Recently, the FBI revealed that it had arrested a 15-year-old Philadelphia-area boy on charges that he plotted to carry out Islamic State-inspired attacks involving explosives-packed pressure cookers (in the style of those used in the Boston Marathon attacks.) Although the plot never went beyond Internet chatter, the plan—targeting Pope Francis during his 25-27 September, 2015 visit to Philadelphia—highlights the nightmare that such a significant event can and does have on local, state, and federal law enforcement, the military, and the intelligence community. But just how much of a challenge does such a significant event pose?
To be fair, those whose job it is to protect the Pope and other persons of importance are true professionals and have the dance down pat, so this is in no way a bashing. Pope Francis is, as of the time of this writing, finishing up a visit to Cuba, then he will head to Washington D.C. before stopping in Philadelphia. The Philly visit is the final and largest portion of the 2015 World Meeting of Families (WMF), and according to the website, is “held every three years and sponsored by the Holy See’s Pontifical Council for the Family, the World Meeting of Families is the world’s largest Catholic gathering of families.” The words “world’s largest Catholic gathering of families” are enough to make any security detail leader, police chief, or counterterror operator cringe. (And no, not because they are Catholics, but because of the sheer number of people involved.)
So, for a little background on what Philadelphia and the surrounding areas can expect, let’s put some numbers on the screen (imagine my awesome 2nd lieutenant, up-all-night-to-please-the-general PowerPoint clicking away here). Philadelphia boasts a population of approximately 1,556,600, (according to a 2013 estimate) making it the second largest city on the east coast and the fifth largest in the United States. None of this counts the millions of tourists, business visitors, and other passers-by who trek to the city every week. The city hosts a diverse population, and equally diverse “islands” (those areas within a city—college, financial, ethnic, etc.—where anyone on a surveillance detection route can drag his/her potential followers out of hiding). Everything from the Italian Market to the numerous museums and the Liberty Bell, Philly brings them in droves. And thus the security nightmare is born. Oh, and did I mention that it is being billed as the largest security operation in the U.S. to date? Yeah….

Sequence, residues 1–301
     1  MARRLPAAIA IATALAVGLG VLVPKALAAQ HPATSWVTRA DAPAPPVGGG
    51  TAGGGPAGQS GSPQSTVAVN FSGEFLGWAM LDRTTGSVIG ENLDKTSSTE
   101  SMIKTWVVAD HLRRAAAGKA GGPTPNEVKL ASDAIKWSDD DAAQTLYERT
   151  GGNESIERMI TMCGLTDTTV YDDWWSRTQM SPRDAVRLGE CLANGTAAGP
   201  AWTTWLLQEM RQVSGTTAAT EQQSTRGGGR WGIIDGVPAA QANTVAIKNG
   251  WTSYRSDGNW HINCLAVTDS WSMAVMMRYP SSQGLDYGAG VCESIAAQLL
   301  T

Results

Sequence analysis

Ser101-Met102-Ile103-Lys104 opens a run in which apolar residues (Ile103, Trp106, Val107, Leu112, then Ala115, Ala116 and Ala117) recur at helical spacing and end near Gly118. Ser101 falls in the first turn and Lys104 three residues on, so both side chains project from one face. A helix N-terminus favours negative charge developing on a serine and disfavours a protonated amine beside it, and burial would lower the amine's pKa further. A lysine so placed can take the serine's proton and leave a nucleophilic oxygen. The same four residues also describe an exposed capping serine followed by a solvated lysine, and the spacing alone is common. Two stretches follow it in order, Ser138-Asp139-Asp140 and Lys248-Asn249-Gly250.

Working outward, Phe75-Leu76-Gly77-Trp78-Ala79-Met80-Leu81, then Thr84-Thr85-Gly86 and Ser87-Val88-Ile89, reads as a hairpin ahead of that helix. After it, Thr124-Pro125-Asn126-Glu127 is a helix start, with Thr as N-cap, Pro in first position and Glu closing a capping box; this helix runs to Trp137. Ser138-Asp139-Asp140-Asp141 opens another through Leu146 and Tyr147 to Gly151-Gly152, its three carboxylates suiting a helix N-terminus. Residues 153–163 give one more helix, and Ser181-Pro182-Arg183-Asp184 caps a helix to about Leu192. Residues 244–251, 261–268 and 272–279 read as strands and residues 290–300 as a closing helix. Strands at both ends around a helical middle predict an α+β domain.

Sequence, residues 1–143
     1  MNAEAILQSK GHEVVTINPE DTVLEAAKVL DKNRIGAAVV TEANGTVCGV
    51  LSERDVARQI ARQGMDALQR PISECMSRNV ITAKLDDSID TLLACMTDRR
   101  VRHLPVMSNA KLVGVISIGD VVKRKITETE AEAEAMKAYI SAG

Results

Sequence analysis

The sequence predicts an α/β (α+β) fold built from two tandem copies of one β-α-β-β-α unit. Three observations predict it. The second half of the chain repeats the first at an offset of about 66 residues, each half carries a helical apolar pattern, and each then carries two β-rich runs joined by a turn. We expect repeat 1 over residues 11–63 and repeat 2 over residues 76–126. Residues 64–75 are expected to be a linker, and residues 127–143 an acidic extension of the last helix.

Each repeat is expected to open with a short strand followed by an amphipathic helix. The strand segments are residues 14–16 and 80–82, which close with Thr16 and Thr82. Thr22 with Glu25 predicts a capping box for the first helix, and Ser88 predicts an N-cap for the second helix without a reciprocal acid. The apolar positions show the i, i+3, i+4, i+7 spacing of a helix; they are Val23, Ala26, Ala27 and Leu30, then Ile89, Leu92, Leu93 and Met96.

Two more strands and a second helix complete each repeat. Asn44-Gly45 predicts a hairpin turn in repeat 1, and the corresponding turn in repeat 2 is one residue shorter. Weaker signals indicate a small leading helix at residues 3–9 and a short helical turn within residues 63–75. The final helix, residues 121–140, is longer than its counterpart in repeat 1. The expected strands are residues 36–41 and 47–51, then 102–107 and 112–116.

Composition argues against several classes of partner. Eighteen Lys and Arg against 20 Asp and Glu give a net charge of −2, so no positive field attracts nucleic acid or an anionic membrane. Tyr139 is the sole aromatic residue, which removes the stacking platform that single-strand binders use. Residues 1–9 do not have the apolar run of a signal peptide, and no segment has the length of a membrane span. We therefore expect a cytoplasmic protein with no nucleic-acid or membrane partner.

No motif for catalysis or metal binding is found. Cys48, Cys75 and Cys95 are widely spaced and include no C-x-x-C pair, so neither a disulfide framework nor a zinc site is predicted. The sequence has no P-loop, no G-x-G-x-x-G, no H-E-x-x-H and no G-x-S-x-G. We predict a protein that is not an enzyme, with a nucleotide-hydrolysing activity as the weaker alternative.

Now, on to some of the physical measures that are already being put in place. And before anyone pulls the “Why are we talking about this? ISIS and OPSEC!” card, cool it. Everything talked about here is public knowledge and can be found if researched. The Ben Franklin Bridge, the main span across the Delaware River that separates Pennsylvania and New Jersey, will be shut down to all vehicular traffic from 10 p.m. Friday night until noon the following Monday. The only traffic allowed on the bridge will be on foot. There will be parking on the Camden, New Jersey side of the bridge, and visitors will be allowed to walk from there into Philly.